The outstanding uptick in public use of complementary and integrative practices in the last major survey was an area classified as “self-care” yoga. The designation as self-care might be challenged when practitioners of yoga go to classes and typically choose to attend those of specific, favored yoga teachers. Where the self-care framing is certainly inappropriate is in the emerging profession of yoga therapy, driven by the International Association of Yoga Therapists (IAYT). The IAYT has just published information on advances related to its new certification program. These may be of particular interest to licensed integrative practitioners: 30% of its applicants are licensed healthcare professionals, and the IAYT added clarifications related to licensed professionals in their scope of practice document.
The new set of initials that will be showing up behind the names of those who meet the IAYT standard and successfully complete the certification testing is C-IAYT. In a September 13, 2016 posting to members, the organization shared that “at this writing, 344 members have been awarded their C-IAYT” and “many more are in the process.” The geographical draw of the program is notable. Among the first C-IAYTs are individuals from all US states except the Dakotas, Nebraska, Wyoming and (shockingly) Vermont. The new designation has also drawn applicants from 20 nations, including Singapore, Turkey, Switzerland, Australia, Italy, Indonesia and the United Arab Emirates.
Additional demographic data on applicants shared by the organization revealed an age band from 23 to 73, with a strong female dominance: 410 (90%) women and 39 men, plus 4 who preferred not to answer the question. Of these, 43% are certified “in other modalities.” Among these: Ayurveda, Reiki, Laughter Yoga, Healing Touch, and aromatherapy. And 30% are individuals who are separately licensed as healthcare practitioners. The range is broad: “acupuncturists, massage therapists, chiropractors, medical doctors, nurses, occupational therapists, physical therapists and mental health counselors among others.”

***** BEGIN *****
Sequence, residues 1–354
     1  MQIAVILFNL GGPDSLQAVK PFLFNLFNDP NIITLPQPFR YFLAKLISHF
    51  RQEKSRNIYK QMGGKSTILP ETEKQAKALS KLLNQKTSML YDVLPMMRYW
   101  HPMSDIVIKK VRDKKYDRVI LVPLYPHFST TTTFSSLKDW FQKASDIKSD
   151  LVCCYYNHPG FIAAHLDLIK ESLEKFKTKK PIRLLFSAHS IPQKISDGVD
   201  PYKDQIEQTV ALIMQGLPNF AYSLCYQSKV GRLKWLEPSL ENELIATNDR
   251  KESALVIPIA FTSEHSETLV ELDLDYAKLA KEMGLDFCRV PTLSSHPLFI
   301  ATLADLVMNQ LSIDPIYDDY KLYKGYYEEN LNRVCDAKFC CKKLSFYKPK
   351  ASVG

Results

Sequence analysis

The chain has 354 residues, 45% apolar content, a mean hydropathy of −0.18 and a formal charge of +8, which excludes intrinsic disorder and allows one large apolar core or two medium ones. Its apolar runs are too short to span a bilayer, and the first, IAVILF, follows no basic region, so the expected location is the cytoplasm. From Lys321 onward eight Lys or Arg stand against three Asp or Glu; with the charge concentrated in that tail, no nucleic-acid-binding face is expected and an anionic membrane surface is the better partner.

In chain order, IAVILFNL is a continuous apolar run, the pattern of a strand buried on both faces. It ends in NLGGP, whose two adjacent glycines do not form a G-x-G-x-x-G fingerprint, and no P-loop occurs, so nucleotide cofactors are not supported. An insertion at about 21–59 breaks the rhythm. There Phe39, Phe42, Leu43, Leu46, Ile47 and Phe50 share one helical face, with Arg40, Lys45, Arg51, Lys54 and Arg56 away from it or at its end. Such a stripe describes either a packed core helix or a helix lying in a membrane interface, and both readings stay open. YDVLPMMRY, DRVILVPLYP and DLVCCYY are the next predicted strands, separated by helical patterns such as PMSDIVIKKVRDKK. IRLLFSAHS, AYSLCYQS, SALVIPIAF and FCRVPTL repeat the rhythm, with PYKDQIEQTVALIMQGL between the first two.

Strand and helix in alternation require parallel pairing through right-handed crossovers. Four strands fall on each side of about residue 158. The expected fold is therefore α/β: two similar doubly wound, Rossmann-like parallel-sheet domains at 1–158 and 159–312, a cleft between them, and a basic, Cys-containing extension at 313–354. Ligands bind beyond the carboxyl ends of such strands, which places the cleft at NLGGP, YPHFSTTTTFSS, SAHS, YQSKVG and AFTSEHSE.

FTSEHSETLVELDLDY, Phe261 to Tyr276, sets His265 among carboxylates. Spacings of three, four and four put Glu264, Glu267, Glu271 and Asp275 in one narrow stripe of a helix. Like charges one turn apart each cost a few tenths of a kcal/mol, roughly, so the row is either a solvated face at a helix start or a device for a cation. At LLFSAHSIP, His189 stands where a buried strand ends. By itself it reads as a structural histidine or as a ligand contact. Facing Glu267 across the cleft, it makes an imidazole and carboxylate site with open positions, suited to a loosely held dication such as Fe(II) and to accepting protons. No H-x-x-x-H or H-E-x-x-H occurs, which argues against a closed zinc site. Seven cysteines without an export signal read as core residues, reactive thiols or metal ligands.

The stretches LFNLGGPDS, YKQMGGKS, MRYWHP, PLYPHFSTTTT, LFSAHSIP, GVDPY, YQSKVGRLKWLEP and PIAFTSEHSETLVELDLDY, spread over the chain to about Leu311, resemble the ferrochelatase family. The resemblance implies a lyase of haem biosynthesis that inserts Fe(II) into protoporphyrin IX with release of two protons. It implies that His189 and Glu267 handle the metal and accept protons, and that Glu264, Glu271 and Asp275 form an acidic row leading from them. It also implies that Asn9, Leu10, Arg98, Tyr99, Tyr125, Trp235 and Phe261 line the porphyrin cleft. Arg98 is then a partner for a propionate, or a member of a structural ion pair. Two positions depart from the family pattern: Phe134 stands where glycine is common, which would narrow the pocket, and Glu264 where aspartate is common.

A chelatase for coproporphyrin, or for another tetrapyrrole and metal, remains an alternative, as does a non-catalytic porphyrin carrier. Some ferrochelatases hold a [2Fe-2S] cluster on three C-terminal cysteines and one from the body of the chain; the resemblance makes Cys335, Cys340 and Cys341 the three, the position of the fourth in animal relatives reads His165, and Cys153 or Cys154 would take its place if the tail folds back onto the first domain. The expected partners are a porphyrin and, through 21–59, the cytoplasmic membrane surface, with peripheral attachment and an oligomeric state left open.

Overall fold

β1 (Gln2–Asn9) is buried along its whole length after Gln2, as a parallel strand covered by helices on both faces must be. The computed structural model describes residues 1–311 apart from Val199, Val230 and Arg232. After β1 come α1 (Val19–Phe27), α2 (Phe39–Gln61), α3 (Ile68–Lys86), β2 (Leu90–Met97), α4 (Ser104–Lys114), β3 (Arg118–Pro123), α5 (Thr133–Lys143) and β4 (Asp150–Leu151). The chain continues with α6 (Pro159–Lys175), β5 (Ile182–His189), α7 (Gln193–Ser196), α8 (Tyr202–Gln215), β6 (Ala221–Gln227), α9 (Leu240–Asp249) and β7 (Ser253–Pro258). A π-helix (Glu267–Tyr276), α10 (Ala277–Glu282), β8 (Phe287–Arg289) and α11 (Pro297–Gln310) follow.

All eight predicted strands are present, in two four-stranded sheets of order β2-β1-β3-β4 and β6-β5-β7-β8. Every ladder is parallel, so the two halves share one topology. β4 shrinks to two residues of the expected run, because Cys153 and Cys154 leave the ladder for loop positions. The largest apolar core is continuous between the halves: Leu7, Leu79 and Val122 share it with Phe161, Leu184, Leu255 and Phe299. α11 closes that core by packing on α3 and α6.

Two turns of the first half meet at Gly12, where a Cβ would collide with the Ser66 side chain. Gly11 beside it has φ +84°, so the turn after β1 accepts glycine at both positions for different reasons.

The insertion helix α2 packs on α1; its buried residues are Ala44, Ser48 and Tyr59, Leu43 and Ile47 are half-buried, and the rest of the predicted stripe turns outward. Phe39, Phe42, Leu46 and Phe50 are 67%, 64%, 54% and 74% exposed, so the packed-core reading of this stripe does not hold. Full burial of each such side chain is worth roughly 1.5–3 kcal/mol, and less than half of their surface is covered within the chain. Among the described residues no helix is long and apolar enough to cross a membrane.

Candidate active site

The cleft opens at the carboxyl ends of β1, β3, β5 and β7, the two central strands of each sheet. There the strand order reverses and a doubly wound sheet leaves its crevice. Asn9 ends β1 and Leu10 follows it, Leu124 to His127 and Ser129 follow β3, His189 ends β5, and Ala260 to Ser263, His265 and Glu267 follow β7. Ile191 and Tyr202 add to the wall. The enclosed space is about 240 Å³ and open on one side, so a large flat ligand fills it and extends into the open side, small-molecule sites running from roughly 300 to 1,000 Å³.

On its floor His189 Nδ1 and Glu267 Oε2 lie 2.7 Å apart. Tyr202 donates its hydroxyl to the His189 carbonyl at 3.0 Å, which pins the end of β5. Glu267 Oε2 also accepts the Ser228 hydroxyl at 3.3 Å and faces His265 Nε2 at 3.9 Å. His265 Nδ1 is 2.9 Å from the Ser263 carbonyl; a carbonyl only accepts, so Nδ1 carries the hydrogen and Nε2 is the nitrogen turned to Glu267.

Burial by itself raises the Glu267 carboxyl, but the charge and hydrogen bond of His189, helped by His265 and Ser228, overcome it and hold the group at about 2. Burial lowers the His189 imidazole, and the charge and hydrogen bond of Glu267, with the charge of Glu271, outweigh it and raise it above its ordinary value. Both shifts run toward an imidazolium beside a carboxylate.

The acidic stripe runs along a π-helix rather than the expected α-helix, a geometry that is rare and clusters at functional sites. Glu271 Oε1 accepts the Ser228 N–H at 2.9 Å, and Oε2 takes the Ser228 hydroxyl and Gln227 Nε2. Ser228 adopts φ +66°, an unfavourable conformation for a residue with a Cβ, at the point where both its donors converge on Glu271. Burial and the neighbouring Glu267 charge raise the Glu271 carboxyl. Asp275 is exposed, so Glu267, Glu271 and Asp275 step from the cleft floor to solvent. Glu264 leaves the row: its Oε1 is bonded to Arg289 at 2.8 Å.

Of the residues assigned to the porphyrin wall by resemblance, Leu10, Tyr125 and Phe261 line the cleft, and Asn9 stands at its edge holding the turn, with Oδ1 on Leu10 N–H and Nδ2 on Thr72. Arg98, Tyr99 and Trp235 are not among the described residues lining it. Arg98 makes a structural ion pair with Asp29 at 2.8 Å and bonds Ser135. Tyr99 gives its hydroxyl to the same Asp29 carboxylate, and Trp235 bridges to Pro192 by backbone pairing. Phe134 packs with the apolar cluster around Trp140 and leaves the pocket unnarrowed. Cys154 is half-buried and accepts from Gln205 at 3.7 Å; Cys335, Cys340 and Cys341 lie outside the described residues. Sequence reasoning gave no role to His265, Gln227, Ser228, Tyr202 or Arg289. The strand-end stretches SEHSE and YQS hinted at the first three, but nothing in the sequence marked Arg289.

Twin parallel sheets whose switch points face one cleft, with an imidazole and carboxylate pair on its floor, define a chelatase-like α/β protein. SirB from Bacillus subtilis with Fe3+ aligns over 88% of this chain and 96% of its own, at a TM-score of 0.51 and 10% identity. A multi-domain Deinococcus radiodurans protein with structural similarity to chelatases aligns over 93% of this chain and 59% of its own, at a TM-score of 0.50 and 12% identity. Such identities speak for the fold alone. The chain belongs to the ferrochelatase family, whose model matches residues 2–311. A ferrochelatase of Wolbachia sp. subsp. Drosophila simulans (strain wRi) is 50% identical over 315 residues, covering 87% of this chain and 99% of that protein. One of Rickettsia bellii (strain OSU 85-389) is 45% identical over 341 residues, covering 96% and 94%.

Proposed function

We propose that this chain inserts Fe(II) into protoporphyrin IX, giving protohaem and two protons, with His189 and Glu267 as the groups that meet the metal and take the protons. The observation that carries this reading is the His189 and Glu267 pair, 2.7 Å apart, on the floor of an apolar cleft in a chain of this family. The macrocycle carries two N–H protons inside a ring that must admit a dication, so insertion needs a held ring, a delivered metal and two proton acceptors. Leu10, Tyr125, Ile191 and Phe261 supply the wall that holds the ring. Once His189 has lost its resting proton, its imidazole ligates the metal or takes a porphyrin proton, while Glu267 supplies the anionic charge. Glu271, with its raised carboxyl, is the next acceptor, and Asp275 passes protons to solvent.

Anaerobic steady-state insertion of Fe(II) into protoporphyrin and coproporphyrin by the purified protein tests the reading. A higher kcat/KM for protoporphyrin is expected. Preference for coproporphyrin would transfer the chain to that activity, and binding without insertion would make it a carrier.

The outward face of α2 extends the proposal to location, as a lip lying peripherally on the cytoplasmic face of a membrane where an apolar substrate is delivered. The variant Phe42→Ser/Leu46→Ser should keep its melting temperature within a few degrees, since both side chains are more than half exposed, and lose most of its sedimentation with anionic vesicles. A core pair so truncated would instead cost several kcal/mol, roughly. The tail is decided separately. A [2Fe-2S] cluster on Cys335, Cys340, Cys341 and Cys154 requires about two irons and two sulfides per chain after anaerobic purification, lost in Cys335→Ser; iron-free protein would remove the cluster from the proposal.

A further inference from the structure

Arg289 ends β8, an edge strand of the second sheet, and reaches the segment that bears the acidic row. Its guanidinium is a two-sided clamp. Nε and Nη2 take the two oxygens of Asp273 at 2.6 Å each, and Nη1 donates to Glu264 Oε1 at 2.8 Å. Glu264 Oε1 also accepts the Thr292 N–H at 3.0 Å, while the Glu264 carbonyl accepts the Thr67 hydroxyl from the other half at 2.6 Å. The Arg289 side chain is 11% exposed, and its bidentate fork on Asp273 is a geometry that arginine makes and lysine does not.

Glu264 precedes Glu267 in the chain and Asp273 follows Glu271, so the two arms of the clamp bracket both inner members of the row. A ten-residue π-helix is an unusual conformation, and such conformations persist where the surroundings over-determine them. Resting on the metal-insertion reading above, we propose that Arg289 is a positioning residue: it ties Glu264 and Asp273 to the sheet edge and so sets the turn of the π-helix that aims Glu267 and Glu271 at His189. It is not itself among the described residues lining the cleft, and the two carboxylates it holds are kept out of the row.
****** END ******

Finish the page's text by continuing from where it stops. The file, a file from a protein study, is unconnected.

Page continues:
The interest of licensed healthcare practitioners in the C-IAYT stimulated a second IAYT message to interested parties. This one regards revisions to the organization’s Scope of Practice for Yoga Therapy document, originally announced in April 2016. The changes were made to “alleviate the concerns from some LHCPs” that the IAYT guidelines in some way limited the practitioners from engaging practices under their licensing or other “concurrent healthcare qualification.”
The statement clarifies that the scope “is not intended to limit in any way practices that may fall under the scope of practice of the concurrent healthcare qualification, or otherwise impede or prevent a LHCP from practicing according to their scope of practice.” The organization added that its “intent [is] to provide guiding principles for C-IAYT yoga therapists while clearly understanding and acknowledging [licensed healthcare practitioners] who may use yoga/yoga therapy within their own scope of practice.”
Comment: The numbers, 344 C-IAYT among an applicant pool of 453, are a tiny fraction of the roughly one-gazillion human beings in the US alone who have become yoga practitioners. It’s even a miniscule set among the 72,000 plus who have certification as teachers via the Yoga Alliance (YA). (This March 2016 Integrative Practitioner article speaks to some of the issues in clarifying the differences between the “teachers” and the “therapists.”) That’s about 6/10th of 1%, as a percent of the pool of YA certified teachers. The applicant pool amounts to a high-potency homeopathic dose relative to the number of potential applicants globally.
So why is this notable? The yoga train has left the station. It’s not slowing down. The whole person connection with mindfulness as well as the physical value is also on a steady upswing. The safe bet is that the C-IAYT professionals – especially those with other healthcare licenses – will likely increasingly be looked to as the leaders in both the yoga and mindfulness realms. The IAYT presence is global, and connected. This small group will likely be increasingly known as the scholar leaders, just as the high standards of the Jesuits created an influence in Catholicism far beyond the group’s numbers. The quote from Margaret Mead (pictured right) applies: Never doubt that a small group of thoughtful, committed citizens can change the world; indeed, it’s the only thing that ever has. (Alignment of interest note: I will off a keynote at the June 2017 IAYT Symposium on Yoga Therapy and Research.)